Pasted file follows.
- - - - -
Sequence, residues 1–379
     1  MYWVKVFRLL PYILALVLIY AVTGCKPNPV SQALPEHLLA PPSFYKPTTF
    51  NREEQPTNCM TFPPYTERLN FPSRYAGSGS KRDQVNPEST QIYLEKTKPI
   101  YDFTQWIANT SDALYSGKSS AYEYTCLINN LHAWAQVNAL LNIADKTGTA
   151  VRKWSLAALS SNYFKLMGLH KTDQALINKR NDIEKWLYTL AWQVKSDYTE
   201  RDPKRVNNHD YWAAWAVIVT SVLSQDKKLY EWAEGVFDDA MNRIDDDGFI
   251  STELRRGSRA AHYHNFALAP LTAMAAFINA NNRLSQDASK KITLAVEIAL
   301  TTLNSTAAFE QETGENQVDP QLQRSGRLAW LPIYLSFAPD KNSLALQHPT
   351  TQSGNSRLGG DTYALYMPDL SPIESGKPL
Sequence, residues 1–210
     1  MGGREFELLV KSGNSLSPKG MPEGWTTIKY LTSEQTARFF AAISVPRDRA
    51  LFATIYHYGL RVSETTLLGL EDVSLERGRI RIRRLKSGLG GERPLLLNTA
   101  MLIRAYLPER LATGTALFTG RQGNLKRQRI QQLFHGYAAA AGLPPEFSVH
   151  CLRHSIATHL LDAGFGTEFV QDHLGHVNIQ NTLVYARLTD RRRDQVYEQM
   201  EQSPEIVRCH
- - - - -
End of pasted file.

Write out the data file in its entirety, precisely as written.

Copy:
Sequence, residues 1–379
     1  MYWVKVFRLL PYILALVLIY AVTGCKPNPV SQALPEHLLA PPSFYKPTTF
    51  NREEQPTNCM TFPPYTERLN FPSRYAGSGS KRDQVNPEST QIYLEKTKPI
   101  YDFTQWIANT SDALYSGKSS AYEYTCLINN LHAWAQVNAL LNIADKTGTA
   151  VRKWSLAALS SNYFKLMGLH KTDQALINKR NDIEKWLYTL AWQVKSDYTE
   201  RDPKRVNNHD YWAAWAVIVT SVLSQDKKLY EWAEGVFDDA MNRIDDDGFI
   251  STELRRGSRA AHYHNFALAP LTAMAAFINA NNRLSQDASK KITLAVEIAL
   301  TTLNSTAAFE QETGENQVDP QLQRSGRLAW LPIYLSFAPD KNSLALQHPT
   351  TQSGNSRLGG DTYALYMPDL SPIESGKPL
Sequence, residues 1–210
     1  MGGREFELLV KSGNSLSPKG MPEGWTTIKY LTSEQTARFF AAISVPRDRA
    51  LFATIYHYGL RVSETTLLGL EDVSLERGRI RIRRLKSGLG GERPLLLNTA
   101  MLIRAYLPER LATGTALFTG RQGNLKRQRI QQLFHGYAAA AGLPPEFSVH
   151  CLRHSIATHL LDAGFGTEFV QDHLGHVNIQ NTLVYARLTD RRRDQVYEQM
   201  EQSPEIVRCH